We live in a world that seems to be terribly adverse to discomfort of any type. We fiddle with thermostats endlessly. We search 100’s of television channels for just the right viewing option. We live in little internet bubbles never challenged in our views on even the most minor of issues. Painkiller addiction has become a sufficient problem in this country that legislation is required. Moreover, we have begun to define down our understanding of “discomfort.” Things that we used to accept as simply a part of life now demand radical action. We rush to the doctor for anti-depressants when we feel the slightest bit of melancholy. If we feel left out we assume we are being “discriminated” against and demand laws change.
The problem is that as we run away from our discomfort, we run away from hope. Think about how our bodies work. Building muscle requires experiencing resistance. There is nothing comfortable about exercise and it can hurt, but it is the road to health. If we hope for health we endure it. Physical pain tells us something is wrong and needs to be fixed. When we mask it, the problem remains unfixed. Emotional and spiritual discomfort leads to emotional and spiritual growth and health. As is so often the case, scripture codifies what is common sense:
Romans 5:3-5 – Not only that, but we rejoice in our sufferings, knowing that suffering produces endurance, and endurance produces character, and character produces hope, and hope does not put us to shame, because God’s love has been poured into our hearts through the Holy Spirit who has been given to us.
That turn of phrase is extraordinary, “rejoice in our sufferings….” Given our current aversion to discomfort, I cannot help but think that most people who hear that phrase would react with shock and denial.
Paul, the author of that Biblical quote above, is not the only scriptural author to advise us to accept pain willingly and with joy. James:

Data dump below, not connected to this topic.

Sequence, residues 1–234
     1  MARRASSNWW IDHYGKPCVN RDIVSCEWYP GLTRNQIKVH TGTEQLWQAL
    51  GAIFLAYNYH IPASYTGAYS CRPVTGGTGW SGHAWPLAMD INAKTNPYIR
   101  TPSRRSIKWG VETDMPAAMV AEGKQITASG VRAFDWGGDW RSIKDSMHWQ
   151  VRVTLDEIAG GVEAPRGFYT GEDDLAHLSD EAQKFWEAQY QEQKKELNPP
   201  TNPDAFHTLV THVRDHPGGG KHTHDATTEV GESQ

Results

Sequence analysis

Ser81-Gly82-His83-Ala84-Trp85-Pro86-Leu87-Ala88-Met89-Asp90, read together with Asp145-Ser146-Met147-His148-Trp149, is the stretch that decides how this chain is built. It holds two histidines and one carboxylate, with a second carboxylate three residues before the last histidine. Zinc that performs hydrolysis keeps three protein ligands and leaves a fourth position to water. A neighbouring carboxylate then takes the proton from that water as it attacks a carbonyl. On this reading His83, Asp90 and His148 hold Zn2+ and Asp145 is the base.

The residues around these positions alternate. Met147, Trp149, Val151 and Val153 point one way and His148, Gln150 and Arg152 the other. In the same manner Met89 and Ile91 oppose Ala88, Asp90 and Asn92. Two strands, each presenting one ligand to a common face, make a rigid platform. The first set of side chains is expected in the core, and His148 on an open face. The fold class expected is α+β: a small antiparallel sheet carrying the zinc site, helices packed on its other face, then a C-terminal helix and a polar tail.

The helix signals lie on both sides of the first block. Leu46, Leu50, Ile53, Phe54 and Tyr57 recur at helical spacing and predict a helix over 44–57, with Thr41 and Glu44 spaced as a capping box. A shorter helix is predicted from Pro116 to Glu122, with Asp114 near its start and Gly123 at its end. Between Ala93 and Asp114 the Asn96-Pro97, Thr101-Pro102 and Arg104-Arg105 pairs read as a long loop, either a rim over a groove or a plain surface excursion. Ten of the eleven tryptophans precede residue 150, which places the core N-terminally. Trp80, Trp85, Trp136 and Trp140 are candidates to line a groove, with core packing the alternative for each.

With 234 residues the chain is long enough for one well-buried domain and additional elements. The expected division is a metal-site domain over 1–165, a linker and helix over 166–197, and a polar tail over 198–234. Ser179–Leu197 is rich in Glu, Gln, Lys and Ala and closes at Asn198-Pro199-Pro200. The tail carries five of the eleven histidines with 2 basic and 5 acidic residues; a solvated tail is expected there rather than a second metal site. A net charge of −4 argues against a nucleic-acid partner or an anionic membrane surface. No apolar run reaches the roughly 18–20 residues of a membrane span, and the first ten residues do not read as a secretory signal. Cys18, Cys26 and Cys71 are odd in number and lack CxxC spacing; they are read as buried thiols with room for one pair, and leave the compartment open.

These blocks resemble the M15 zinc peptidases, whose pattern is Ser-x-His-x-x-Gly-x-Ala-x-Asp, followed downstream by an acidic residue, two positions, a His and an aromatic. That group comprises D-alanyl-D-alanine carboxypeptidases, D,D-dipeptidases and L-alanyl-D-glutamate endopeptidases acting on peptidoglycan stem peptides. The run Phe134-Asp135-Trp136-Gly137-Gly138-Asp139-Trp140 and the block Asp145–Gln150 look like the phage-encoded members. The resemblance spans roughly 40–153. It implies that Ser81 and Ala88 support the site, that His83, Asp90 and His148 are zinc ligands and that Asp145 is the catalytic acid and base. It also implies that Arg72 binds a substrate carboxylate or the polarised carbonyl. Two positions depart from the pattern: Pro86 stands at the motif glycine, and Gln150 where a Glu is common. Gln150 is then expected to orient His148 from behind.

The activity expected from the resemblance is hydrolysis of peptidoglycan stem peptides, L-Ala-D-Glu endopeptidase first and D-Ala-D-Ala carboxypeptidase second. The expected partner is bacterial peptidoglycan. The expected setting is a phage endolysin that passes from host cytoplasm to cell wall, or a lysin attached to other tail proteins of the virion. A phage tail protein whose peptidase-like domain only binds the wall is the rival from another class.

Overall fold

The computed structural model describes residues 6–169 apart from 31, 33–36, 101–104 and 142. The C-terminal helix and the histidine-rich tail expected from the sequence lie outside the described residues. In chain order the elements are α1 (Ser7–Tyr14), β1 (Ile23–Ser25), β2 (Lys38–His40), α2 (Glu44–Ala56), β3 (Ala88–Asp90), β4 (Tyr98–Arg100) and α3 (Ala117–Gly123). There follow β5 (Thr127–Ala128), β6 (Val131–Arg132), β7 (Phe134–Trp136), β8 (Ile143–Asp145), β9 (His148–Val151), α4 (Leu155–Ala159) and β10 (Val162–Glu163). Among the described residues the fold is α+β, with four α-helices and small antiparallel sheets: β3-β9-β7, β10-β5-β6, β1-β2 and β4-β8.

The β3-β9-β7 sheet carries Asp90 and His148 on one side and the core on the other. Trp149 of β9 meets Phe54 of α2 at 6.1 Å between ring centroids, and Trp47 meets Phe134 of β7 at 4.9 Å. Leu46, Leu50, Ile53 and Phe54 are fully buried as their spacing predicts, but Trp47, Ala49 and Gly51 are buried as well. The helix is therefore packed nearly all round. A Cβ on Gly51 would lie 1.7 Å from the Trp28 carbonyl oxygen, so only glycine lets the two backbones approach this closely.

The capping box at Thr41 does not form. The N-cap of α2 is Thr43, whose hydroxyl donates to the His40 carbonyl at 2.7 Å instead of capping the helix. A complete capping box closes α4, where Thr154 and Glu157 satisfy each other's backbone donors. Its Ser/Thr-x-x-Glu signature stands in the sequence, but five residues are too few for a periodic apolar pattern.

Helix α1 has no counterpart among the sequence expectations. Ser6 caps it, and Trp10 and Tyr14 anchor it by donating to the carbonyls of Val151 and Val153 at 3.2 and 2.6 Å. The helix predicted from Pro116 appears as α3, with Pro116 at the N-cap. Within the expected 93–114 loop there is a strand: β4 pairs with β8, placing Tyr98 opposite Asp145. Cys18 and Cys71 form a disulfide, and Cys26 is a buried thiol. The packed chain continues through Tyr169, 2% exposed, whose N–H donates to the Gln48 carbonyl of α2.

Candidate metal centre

Consider it all joy, my brethren, when you encounter various trials,
In this you greatly rejoice, even though now for a little while, if necessary, you have been distressed by various trials,
I wonder if the aversion to discomfort that currently so permeates our culture is rooted in a desire to run away from God. What if when we experienced melancholy, or anxiety, or whatever we turned to prayer instead of the pill? What if when we felt discriminated against we examined our own behavior and confessed to God our misbehavior rather than blamed the world around us? What if when we suffered, we rejoiced and allowed the suffering to produce endurance which produces character which produces hope?
I have lamented before about the lack of hope in our current culture, particularly from the left. If Paul is right, we lack hope at least in part because we are so adverse to difficulty and discomfort. Or is it that we do not want what lies between endurance and hope – character. Do we love our guilty pleasures, our little lies and our internet porn so much that we are willing to sacrifice hope to them?
This is a nation built on hope. People have migrated here for centuries hoping to build a better life. We started an experiment in governance in hope of building a better nation. We have children in hope of giving them a better life than we have. But somehow we have perverted this last one, we now assume that difficulty, pain and suffering are not a better life and we protect our kids from it with such fervency that they never learn to hope.
God has our back, we can endure our pain, and from our pain we can learn once again to hope in the God that has our back.